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Mr Chen's anecdotes.


Atomic structure is usually the first chapter taught in Chemistry, for both O and A level. It is generally a simple topic that most students would excel in. The concept taught is simple and minimum memory work is required.

Here are 3 things to take note of when you're learning atomic structure in Chemistry.

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Electronic Configuration & Diagrams

First and foremost, you will be taught about the existence of sub-atomic particles. Namely, protons, electrons and neutrons. You will learn to identify the number of each particle via the periodic table.

The difficulty subsequently increases when a dot and cross diagram of an atom is presented to you. You are to learn to identify the number of each sub-atomic particles based on the diagram drawn. The converse is also true. You will be given the number of each particle and asked to draw the dot and cross diagram.

A very simplified model of atoms

Furthermore, you will also learn to write the electronic configuration of an atom.

All this information will be put together and related to the periodic table in terms of Group Number and Period Number.

I hope the above doesn't sound too intimidating. It really isn't hard.


Isotopes, many would argue, is the only interesting section of this chapter.

Atoms with the same number of protons but different numbers of neutrons are called isotopes.

For most Secondary 3 Weighted Assessments, the definition of isotopes would be asked. Students are to understand that number of neutrons is not unique to an element. The same element could exist as different atoms with a different number of neutrons.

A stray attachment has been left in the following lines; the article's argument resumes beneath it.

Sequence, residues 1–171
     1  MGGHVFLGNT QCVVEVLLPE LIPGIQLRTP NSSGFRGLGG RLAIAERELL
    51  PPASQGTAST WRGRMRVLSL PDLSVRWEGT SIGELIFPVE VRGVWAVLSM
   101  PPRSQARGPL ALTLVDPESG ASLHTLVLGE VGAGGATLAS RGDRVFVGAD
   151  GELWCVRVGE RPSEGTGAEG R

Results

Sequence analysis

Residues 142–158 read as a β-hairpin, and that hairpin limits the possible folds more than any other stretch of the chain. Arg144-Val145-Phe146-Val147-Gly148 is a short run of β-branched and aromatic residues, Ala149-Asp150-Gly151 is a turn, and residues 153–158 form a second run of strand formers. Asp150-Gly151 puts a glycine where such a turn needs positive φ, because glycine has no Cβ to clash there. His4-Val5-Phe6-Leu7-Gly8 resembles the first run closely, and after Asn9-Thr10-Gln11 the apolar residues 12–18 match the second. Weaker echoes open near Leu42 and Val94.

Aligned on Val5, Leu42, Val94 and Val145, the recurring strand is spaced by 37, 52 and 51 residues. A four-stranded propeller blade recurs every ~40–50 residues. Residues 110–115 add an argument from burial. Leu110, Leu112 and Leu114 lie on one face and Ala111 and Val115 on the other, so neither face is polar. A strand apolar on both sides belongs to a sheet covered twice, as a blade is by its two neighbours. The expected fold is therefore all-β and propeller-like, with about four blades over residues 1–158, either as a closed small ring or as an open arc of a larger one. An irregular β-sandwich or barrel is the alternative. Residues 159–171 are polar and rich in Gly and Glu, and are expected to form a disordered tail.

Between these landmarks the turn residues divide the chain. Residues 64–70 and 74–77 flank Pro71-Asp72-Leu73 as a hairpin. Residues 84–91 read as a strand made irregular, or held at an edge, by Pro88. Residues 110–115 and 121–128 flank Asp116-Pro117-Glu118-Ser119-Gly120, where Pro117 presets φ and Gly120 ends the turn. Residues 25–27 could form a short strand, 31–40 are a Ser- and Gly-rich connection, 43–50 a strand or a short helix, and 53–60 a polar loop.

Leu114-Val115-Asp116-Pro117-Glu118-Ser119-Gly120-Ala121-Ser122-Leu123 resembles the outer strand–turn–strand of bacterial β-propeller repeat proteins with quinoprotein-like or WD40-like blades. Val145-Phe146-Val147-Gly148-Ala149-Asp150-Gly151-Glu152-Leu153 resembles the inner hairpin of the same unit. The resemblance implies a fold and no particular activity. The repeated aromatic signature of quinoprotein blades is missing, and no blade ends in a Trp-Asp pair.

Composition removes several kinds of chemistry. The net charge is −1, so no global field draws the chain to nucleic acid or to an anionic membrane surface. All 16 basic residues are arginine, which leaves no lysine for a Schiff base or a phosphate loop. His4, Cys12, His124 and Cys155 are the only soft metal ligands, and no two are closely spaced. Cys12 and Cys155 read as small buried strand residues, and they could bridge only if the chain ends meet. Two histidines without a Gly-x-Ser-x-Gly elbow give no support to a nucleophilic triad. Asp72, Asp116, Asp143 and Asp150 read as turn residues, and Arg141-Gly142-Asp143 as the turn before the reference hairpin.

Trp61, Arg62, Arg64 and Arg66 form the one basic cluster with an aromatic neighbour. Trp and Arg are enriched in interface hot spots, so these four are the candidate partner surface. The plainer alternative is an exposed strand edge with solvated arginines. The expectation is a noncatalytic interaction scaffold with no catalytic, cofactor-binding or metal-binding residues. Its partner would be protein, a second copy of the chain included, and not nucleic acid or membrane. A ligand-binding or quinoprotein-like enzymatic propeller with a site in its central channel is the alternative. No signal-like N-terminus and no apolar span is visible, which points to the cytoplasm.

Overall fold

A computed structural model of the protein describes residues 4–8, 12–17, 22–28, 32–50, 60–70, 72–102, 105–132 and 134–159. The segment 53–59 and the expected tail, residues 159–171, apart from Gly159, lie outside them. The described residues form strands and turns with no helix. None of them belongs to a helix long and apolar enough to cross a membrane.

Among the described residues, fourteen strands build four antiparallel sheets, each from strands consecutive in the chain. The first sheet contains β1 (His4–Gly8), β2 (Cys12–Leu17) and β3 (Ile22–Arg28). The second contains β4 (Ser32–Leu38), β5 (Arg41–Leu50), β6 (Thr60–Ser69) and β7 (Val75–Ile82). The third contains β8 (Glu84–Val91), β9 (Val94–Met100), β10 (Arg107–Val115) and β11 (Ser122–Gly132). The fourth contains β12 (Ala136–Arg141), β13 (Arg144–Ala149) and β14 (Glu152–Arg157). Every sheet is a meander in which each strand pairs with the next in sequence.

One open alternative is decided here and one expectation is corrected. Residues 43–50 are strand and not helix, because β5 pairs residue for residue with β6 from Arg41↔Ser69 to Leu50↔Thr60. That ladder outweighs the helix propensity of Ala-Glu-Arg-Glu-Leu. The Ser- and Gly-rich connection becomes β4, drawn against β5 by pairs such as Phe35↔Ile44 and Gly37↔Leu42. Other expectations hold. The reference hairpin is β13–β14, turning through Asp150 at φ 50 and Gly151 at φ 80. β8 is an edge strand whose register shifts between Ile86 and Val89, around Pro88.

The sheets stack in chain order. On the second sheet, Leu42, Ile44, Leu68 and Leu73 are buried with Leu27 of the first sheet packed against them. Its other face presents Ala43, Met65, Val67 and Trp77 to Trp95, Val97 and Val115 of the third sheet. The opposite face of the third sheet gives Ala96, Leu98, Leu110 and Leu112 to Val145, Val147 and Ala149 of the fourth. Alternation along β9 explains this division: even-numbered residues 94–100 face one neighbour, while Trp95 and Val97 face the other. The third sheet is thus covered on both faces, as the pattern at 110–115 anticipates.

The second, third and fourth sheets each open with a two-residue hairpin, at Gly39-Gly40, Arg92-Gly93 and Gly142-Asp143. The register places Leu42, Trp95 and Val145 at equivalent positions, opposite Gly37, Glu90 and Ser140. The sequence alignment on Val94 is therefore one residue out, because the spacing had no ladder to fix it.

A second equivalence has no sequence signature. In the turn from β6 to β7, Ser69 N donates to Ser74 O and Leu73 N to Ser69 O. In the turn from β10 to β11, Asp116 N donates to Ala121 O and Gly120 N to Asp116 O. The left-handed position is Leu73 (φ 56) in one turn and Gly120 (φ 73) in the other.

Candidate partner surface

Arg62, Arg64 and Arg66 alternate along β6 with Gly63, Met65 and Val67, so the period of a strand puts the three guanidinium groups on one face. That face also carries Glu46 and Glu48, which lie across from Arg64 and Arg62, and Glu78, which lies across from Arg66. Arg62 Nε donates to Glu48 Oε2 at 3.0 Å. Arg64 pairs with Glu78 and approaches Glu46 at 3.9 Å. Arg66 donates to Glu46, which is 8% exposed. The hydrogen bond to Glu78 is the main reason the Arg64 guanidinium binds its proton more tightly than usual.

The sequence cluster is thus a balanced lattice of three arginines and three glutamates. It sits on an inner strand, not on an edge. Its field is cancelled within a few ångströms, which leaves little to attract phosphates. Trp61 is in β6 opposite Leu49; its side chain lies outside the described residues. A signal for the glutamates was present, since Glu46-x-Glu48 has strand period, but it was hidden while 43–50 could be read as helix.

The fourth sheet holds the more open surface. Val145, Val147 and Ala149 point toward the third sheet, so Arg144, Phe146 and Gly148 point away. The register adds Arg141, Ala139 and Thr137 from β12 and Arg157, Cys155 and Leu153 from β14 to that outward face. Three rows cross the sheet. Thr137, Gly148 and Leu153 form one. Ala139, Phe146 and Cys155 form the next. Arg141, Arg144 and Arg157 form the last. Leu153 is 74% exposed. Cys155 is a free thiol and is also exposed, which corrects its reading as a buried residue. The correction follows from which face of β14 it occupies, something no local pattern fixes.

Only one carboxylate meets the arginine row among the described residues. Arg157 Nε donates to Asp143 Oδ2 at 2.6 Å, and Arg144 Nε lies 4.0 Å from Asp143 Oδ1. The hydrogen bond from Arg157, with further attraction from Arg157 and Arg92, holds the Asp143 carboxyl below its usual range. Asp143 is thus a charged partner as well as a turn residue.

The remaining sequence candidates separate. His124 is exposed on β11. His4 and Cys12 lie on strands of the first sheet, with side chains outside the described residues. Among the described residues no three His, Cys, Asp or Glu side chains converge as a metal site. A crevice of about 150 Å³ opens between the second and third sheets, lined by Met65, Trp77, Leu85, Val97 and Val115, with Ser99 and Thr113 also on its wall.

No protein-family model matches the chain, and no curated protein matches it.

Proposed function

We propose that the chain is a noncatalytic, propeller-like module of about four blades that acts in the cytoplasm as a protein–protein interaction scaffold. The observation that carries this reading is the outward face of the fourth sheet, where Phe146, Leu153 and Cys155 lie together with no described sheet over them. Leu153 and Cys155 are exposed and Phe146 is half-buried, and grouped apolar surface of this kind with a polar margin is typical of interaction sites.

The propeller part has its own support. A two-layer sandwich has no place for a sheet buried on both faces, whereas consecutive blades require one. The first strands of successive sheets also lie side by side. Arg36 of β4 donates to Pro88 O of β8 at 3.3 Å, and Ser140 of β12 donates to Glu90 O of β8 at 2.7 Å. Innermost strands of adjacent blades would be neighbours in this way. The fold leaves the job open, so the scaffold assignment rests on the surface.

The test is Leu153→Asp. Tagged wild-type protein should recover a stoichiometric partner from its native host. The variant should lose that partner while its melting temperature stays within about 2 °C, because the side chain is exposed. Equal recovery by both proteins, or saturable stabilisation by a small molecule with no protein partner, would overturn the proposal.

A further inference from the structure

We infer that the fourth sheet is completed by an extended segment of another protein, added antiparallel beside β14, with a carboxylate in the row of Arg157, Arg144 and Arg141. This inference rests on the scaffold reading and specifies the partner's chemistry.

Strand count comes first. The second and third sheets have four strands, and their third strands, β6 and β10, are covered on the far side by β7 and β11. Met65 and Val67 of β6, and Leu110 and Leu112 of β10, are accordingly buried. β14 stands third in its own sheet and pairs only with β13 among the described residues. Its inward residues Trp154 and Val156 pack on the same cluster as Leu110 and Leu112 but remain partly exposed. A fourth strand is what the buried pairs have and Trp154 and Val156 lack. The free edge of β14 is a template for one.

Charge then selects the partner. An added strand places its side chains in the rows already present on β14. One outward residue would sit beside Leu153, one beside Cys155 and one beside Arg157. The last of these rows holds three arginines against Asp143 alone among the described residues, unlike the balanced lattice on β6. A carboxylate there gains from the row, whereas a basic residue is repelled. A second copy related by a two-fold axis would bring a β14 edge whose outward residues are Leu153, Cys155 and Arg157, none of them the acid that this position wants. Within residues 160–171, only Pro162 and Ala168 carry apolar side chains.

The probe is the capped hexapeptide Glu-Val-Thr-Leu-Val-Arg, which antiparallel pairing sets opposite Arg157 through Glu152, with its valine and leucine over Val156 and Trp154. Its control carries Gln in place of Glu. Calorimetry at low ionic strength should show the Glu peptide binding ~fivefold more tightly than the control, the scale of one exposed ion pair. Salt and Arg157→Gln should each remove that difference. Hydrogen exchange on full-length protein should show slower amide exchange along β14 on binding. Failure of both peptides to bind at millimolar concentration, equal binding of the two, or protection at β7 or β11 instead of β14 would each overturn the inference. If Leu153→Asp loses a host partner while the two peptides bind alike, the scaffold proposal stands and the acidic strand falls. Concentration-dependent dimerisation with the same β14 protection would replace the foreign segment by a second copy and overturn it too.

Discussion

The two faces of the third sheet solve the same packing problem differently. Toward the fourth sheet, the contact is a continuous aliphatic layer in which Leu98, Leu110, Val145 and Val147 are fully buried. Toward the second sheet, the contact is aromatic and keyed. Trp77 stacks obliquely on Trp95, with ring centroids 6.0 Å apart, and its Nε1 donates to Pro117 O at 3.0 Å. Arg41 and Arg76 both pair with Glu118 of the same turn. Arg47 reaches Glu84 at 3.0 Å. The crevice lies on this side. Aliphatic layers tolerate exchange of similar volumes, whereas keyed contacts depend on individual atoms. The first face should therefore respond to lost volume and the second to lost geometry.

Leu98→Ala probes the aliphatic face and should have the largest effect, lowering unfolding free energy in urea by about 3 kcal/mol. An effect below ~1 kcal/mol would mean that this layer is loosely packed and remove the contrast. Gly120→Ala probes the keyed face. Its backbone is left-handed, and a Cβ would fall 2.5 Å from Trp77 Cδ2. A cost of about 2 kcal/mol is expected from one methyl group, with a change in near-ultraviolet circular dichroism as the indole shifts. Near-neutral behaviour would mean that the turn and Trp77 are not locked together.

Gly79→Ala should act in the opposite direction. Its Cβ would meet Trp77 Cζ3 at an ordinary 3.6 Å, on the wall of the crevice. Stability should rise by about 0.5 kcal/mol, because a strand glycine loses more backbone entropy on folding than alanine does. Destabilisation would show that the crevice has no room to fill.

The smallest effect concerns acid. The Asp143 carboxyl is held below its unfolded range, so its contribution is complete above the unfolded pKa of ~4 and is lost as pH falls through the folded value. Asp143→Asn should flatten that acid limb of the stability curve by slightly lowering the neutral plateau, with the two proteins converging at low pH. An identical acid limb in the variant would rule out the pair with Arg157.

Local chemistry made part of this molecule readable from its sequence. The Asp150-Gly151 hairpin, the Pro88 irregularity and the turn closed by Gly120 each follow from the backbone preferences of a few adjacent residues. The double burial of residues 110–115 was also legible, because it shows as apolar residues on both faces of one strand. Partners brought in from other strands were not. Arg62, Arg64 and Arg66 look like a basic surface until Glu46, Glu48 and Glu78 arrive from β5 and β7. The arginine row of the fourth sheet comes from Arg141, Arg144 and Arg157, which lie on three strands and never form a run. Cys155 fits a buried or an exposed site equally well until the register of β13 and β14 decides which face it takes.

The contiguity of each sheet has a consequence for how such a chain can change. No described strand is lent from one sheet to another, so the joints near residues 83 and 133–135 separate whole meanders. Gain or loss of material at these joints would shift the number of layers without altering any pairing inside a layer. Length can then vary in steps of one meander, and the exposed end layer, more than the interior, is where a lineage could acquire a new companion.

Example of a commonly tested question

Most questions regarding isotopes would be in the form of a table. It is commonly tested as the first question of section B. A table with information about the unknown atoms would be presented. The student would then be asked to identify the isotopes and ions etc.

Most students tend to score full credit for such questions lest careless mistakes.

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Disconnect Between O level & A level Chemistry

The atomic structure you learn in O level are half truths.

O level Chemistry content are half truths

In the gif I pinned above, it is considered too simple for A level. Atomic structure at higher levels can get very complicated mainly due to the existence of sub-shells. It could stretch as far as orbital levels for undergraduate studies which are too abstract even for the likes of me.

However, this simplified model that you learned in O levels are still relevant because it forms the fundamental understanding regarding how elements can achieve stability.

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Nothing To Worry About

Chemistry and Math tutors are highly sought after for their ability to break down complicated problems into bite-size information. We, at VANTAGE TUTOR, have struggled and walked through a similar path to students when they were students themselves. We understand where you fall short and in hindsight, we also realized how we could have done better for our O level Chemistry.

We will achieve basic mastery before applying to problem-based questions. Furthermore, our tutors have a track record in helping students improve in physics for N level, O level, A level, and even IP!

So, don't worry about the confusion and dissonance you would feel when you get to H2 Chemistry.

You can always call me.

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